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The Child's Child [Hardcover]

Barbara Vine
3.5 out of 5 stars  See all reviews (97 customer reviews)
RRP: £18.99
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Book Description

7 Mar 2013

The Child's Child is the new crime novel by bestselling, prize-winning author Barbara Vine

What sort of betrayal would drive a brother and sister apart?

When Grace and her brother Andrew inherit their grandmother's house in Hampstead, they decide to move in together. It seems the obvious thing to do: they've always got on well, the house is large enough to split down the middle, and neither of them likes partying or loud music. There's one thing they've forgotten though: what if one of them wants to bring a lover into the house? When Andrew's partner James moves in, it alters the balance - with almost fatal consequences.

Barbara Vine's is the pen-name of Ruth Rendell, and The Child's Child is the first book she has published under that name since The Birthday Present in 2008. It's an intriguing examination of betrayal in families, and of those two once-unmentionable subjects, illegitimacy and homosexuality.

A taut, thrilling read, it will be enjoyed by readers of P.D. James and Ian Rankin.

'The Rendell/Vine partnership has for years been producing consistently better work than most Booker winners put together' Ian Rankin

'She deploys her peerless skills in blending the mundane, commonplace aspects of life with the murky impulses of desire and greed.

Ruth rendall has published fourteen novels under the Vine name, two of which, Fatal Inversion and King Solomon's Carpet, won the prestigious Crime Writers' Association Gold Dagger Award. Also available in Penguin by Barbara Vine: The Minotaur, The Blood Doctor, Grasshopper, The Chimney Sweeper's Boy, The Brimstone Wedding, No Night is Too Long, Asta's Book, King Solomon's Carpet, Gallowglass, The House of Stairs, A Dark-Adapted Eye.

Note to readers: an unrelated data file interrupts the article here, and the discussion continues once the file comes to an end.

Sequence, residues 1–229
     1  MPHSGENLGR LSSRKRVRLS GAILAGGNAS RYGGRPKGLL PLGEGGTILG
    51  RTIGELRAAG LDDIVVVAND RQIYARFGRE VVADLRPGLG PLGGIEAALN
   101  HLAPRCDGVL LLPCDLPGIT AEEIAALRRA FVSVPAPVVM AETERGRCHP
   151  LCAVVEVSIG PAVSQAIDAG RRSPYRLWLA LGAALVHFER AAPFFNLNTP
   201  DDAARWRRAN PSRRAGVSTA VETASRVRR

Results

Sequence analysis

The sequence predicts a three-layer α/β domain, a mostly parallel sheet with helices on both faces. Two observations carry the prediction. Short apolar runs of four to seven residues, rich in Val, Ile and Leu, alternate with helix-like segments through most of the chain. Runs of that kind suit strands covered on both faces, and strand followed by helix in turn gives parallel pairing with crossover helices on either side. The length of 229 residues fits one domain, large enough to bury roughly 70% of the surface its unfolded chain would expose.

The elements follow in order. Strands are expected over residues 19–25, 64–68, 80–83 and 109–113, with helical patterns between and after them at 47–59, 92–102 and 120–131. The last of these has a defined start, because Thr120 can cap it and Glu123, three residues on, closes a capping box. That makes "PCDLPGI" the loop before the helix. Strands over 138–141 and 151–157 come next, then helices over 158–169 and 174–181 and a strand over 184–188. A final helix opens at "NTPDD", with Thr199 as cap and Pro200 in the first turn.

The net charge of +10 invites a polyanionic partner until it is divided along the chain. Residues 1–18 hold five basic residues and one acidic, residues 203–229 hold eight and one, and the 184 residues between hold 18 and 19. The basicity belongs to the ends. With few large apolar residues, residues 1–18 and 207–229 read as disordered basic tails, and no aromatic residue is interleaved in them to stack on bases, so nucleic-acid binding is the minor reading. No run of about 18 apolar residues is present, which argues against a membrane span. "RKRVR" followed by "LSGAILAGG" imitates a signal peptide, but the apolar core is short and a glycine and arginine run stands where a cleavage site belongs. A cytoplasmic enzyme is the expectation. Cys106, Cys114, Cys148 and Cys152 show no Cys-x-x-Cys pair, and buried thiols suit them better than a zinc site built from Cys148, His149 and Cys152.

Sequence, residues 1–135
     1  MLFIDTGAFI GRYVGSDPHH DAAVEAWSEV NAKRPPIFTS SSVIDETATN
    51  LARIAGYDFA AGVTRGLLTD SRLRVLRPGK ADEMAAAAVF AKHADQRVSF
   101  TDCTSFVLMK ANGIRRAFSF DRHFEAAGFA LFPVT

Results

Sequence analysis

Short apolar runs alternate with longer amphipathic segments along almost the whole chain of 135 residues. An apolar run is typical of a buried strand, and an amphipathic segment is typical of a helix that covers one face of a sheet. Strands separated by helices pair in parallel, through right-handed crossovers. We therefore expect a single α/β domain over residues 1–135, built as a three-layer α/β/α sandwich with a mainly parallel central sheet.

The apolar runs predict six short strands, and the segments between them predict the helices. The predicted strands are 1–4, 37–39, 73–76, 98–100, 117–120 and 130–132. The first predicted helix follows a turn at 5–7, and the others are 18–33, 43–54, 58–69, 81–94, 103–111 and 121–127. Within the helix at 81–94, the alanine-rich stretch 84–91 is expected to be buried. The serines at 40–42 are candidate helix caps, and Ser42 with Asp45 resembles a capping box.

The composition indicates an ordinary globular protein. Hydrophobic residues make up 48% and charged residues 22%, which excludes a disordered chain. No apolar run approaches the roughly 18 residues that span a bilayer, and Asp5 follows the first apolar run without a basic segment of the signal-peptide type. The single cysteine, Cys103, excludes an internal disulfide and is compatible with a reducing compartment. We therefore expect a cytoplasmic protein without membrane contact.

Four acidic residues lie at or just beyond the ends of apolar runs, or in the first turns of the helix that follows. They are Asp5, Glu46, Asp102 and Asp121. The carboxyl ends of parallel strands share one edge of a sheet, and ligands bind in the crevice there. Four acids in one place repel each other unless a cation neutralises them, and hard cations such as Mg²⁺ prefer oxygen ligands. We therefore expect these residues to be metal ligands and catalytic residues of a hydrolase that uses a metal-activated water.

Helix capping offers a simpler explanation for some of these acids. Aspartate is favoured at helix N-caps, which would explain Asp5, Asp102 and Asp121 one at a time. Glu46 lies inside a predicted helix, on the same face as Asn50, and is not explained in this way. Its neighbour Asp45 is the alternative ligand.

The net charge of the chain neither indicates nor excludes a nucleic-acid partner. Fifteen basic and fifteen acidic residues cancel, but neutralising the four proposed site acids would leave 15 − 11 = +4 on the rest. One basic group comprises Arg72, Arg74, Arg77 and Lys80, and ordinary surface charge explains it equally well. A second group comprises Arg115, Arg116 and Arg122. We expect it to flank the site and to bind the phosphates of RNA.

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Product details

  • Hardcover: 288 pages
  • Publisher: Viking (7 Mar 2013)
  • Language: Unknown
  • ISBN-10: 067092220X
  • ISBN-13: 978-0670922208
  • Product Dimensions: 23.6 x 15.6 x 3.2 cm
  • Average Customer Review: 3.5 out of 5 stars  See all reviews (97 customer reviews)
  • Amazon Bestsellers Rank: 132,643 in Books (See Top 100 in Books)

More About the Author

Ruth Rendell has won many awards, including the Crime Writers' Association Gold Dagger for 1976's best crime novel with A Demon in My View; a second Edgar in 1984 from the Mystery Writers of America for the best short story, 'The New Girl Friend'; and a Gold Dagger award for Live Flesh in 1986. She was also the winner of the 1990 Sunday Times Literary award, as well as the Crime Writers' Association Cartier Diamond Dagger. In 1996 she was awarded the CBE and in 1997 became a Life Peer.

Product Description


Probably the greatest living crime writer in the world (Ian Rankin)

Cracking stuff. The Vine continues to flourish . . . (A) miracle of storytelling with her customary aplomb and cool composure (Express on THE CHILD's CHILD)

Vine is not afraid to walk down the mean streets of the mind and can build up an almost tangible atmosphere of menace and unease (Daily Telegraph) --This text refers to the Paperback edition.

About the Author

Barbara Vine is the pen-name of bestselling crime writer Ruth Rendell. This is the fourteenth novel written under the Vine name. Ruth Rendell sits in the House of Lords as a Labour peer, and lives in Essex and in Maida Vale, London.

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Customer Reviews

Most Helpful Customer Reviews
4 of 4 people found the following review helpful